Theories are like bellybuttons-everybody has one and all are surprisingly different. Last Sunday Scott Atran and Jeremy Ginges wrote an opinion piece for the New York Times in which they described their research on beliefs about conflict and peace in the Middle East. In brief, they argued that what many outsiders consider rational and logical solutions to the Israeli-Palestinian conflict, insiders consider irrational and illogical. The reason has largely to do with sacred beliefs. In spite of the name, these are not religious beliefs, per se, but rather any deeply held beliefs that sit at the core of our world views and are highly resistant to change.
In an earlier post I described beliefs in general as a pile of pick-up sticks, with the most resistant to change-the sacred beliefs-at the bottom of the pile. Accordingly, altering sacred beliefs in any significant way will disturb all the rest. At best this is exhausting, at worst traumatic.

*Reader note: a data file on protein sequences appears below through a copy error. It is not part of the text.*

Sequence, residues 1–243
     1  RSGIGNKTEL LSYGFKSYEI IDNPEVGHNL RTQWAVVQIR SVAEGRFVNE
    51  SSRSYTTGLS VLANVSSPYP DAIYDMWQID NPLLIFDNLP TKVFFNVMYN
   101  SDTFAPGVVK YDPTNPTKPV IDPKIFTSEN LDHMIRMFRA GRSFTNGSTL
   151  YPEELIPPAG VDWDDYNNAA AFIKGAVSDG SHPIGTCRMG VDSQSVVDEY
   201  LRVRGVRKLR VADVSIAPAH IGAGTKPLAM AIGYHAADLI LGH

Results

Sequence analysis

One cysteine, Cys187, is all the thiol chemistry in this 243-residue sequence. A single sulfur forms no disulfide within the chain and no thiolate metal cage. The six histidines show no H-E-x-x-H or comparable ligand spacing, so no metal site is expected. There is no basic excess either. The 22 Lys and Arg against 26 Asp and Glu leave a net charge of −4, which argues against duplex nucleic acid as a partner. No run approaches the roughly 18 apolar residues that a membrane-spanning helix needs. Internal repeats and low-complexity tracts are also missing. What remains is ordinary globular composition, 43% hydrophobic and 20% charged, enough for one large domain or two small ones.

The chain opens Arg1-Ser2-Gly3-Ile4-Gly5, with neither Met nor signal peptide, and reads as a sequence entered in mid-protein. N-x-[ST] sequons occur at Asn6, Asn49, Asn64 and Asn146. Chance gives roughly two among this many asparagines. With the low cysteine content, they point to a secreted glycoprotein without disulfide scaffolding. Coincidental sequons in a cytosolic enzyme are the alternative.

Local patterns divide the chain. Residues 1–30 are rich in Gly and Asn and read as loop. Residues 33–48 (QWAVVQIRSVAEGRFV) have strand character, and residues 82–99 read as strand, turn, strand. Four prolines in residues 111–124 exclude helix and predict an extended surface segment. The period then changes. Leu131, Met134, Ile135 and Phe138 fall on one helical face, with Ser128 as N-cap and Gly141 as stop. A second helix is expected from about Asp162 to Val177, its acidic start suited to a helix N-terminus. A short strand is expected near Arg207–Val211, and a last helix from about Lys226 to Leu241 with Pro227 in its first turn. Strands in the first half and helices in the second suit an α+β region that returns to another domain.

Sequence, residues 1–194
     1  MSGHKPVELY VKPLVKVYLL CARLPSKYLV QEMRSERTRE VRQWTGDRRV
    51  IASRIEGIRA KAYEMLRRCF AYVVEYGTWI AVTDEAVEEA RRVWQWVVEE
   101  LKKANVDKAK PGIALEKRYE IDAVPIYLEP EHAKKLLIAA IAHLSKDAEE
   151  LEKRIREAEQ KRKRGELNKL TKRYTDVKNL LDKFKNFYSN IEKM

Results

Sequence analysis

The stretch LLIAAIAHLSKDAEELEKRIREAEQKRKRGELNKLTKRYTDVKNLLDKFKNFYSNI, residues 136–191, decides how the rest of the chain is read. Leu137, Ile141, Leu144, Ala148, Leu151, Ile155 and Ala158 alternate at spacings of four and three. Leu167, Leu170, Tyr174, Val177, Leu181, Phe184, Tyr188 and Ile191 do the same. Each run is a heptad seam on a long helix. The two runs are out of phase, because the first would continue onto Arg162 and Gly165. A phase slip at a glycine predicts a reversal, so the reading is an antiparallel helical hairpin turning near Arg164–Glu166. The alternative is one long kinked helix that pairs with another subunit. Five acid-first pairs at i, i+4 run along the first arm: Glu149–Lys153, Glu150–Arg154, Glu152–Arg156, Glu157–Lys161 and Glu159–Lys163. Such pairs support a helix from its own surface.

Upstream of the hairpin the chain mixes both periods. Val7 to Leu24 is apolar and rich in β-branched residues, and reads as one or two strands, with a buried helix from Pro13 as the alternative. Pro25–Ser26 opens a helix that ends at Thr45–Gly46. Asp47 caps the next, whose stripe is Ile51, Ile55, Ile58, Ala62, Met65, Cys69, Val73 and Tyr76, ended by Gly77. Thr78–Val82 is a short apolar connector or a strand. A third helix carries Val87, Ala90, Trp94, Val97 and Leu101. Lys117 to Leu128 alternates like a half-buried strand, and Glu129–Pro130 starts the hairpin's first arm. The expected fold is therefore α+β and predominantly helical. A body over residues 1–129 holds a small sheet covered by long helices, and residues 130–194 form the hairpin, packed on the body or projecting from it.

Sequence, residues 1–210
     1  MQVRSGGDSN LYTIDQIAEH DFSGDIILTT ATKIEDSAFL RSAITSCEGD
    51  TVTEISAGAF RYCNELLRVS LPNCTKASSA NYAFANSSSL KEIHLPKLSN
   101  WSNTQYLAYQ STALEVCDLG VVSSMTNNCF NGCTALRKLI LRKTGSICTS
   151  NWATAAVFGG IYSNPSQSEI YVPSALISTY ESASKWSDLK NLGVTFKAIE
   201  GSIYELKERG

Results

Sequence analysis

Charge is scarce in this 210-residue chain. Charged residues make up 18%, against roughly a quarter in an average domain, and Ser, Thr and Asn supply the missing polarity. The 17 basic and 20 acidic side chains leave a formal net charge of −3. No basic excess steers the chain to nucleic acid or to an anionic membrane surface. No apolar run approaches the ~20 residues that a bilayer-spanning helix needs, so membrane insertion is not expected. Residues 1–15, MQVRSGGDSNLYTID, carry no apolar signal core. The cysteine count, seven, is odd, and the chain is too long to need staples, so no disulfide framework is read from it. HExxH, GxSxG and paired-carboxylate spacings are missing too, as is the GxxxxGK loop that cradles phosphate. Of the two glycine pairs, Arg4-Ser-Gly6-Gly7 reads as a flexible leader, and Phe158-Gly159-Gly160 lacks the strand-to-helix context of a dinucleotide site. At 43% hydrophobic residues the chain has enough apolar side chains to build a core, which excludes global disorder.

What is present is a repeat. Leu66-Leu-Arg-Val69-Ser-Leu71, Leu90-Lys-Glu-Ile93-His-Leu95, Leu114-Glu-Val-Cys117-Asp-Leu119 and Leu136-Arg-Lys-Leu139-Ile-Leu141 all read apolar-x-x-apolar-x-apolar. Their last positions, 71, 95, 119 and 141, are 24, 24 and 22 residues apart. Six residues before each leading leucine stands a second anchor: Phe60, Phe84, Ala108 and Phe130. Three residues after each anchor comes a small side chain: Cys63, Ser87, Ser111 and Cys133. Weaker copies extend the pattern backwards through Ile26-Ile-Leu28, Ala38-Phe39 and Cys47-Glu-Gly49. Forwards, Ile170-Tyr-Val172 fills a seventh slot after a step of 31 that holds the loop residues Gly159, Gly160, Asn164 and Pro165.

Given the variety of beliefs that abound regarding social problems and solutions, it seems that program designers and policymakers are always treading upon someone’s sacred beliefs. One of the practical questions we have been wrestling with is how to help groups of people with disparate world views reach consensus about programs and policies. With the approach that we have been developing, we engage a broad range of stakeholders in a simple, iterative process in which they reveal what they believe and why.